Earth’s measured energy imbalance has been used to infer the climate forcing by aerosols, with two independent analyses yielding a forcing in the past decade of about -1.5 W/m2, including the direct aerosol forcing and indirect effects via induced cloud changes. …… Increase of Earth’s energy imbalance from reduction of particulate air pollution, which is needed for the sake of human health, can be minimized via an emphasis on reducing absorbing black soot, but the potential to constrain the net increase of climate forcing by focusing on black soot is limited.
So, the conclusion is that anthropogenic aerosols are actually acting to reduce the energy imbalance. As we reduce anthropogenic aerosol emissions, the energy imbalance will increase, increasing the rate of global warming. Maybe we can reduce this slightly by also reducing the amount of black soot (that absorbs energy), but this is likely to not completely counteract the influence of the reduction in anthropogenic aerosols.
So, why have I written this? Well, because the existence of an energy imbalance is fundamental to anthropogenic global warming (AGW). If you think AGW is not real, then there are a number of things you need to be able to show. Firstly, that here’s something wrong with the observations that are used to determine the energy imbalance. Anything’s possible, but just stating that it’s difficult isn’t really sufficient to conclude that the observations are wrong. Secondly, you need to show what’s wrong with fundamental radiative physics. A fairly simple calculation could show that the energy imbalance that we have today is consistent with what we’d expect from basic radiative physics (maybe not trivial, but not that hard). So, if AGW isn’t real you need to both show that there’s something wrong with the observations, and that there’s something fundamentally wrong with basic physics. Anything’s possible I guess but that doesn’t make it likely.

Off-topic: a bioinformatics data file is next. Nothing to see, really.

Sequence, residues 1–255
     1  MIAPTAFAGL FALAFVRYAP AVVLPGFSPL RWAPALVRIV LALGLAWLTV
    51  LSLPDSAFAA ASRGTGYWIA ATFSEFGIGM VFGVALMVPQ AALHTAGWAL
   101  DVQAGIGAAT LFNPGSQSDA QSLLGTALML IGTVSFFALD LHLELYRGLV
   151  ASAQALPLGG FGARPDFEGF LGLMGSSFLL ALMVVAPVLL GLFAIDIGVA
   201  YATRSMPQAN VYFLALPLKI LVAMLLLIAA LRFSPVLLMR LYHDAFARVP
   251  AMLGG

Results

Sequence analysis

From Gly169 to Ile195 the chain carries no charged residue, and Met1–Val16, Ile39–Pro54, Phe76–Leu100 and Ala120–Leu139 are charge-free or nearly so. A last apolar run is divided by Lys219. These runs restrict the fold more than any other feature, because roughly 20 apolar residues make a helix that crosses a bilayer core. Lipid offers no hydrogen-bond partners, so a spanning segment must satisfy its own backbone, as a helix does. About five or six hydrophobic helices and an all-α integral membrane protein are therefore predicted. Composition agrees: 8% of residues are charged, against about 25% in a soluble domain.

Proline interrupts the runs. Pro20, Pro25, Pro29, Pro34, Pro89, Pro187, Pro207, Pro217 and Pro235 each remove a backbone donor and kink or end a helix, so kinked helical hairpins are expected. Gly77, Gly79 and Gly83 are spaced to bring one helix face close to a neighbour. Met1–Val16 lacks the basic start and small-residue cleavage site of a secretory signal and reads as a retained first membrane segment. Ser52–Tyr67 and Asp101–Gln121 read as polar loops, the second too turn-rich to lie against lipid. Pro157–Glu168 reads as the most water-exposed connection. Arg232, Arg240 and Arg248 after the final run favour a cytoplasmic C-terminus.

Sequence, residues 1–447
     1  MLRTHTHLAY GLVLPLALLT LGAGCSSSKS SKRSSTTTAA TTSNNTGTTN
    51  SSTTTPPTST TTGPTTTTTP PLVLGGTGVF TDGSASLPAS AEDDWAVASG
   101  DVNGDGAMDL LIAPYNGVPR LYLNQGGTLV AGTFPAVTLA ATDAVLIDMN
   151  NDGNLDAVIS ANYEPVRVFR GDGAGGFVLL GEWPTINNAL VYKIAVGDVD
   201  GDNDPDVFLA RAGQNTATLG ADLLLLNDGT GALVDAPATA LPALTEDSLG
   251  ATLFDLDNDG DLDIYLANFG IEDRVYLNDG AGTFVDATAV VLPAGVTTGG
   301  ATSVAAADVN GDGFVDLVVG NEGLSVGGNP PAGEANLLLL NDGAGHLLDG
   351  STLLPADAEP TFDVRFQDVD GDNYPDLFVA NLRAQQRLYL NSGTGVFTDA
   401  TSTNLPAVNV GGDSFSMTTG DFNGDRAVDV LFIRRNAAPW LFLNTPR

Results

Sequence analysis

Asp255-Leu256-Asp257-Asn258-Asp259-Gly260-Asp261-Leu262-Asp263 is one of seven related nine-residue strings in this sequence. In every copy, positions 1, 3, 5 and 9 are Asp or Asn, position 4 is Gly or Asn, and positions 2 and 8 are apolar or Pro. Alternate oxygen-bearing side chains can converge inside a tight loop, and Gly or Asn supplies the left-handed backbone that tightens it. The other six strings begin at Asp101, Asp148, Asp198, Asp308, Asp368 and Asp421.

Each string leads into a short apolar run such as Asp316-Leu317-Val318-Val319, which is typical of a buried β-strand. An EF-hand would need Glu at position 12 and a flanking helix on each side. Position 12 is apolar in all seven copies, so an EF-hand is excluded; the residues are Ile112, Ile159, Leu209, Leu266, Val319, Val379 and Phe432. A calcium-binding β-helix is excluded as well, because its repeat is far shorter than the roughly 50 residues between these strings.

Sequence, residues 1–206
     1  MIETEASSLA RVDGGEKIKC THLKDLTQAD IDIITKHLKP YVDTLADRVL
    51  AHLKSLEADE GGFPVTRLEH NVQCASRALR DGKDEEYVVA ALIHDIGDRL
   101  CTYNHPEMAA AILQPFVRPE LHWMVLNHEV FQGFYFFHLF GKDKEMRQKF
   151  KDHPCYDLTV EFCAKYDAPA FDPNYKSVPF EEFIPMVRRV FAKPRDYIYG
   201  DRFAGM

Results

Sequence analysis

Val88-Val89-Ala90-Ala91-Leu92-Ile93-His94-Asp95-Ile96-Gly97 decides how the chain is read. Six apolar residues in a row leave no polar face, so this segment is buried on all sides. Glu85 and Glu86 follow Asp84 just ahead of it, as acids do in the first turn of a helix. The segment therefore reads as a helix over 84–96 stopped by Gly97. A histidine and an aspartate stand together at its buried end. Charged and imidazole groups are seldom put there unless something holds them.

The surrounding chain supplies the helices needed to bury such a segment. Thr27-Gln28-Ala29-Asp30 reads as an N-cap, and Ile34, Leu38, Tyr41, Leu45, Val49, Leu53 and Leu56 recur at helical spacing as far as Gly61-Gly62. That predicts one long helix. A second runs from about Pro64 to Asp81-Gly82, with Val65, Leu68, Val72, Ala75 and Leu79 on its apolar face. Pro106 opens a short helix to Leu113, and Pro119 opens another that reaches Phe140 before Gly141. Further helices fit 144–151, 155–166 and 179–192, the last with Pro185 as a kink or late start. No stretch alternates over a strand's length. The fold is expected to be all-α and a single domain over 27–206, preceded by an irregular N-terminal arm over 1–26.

One could argue – I guess – that maybe the observations are right (i.e., there is an energy imbalance), but that it’s natural, not anthropogenic. I’ve already discussed (above) why it can’t be the Sun. It also can’t be some kind of natural cycle (such as Wyatt & Curry’s Stadium Wave). Why? Well, we have plenty of evidence (paleo-climatology) to suggest that the global surface temperature is higher, today, than it’s been for centuries, or even longer. If it’s some kind of natural cycle, then the energy imbalance should vary from being negative (i.e., the Earth should be losing energy when surface temperatures are near the maximum) to positive (i.e., the Earth should be gaining energy when surface temperatures are near the minimum). It really can’t be some kind of natural cycle if the energy imbalance is still positive when the surface temperatures are as high as they are today. That, of course, also ignores that we have no physical mechanism for producing a natural cycle that can produce what we’ve observed with respect to global warming.
Anyway, this has become a rather long post to try and explain why I think understanding basic physics is a crucial part of understanding anthropogenic global warming. If you dispute AGW, either you’re about to become one of the world’s most famous scientists (by, likely, rewriting basic physics) or you don’t understand physics sufficiently well to really have any strong opinions with respect to AGW. As usual, if others disagree or think I’ve got something wrong (as I may well have) feel free to point that out through the comments.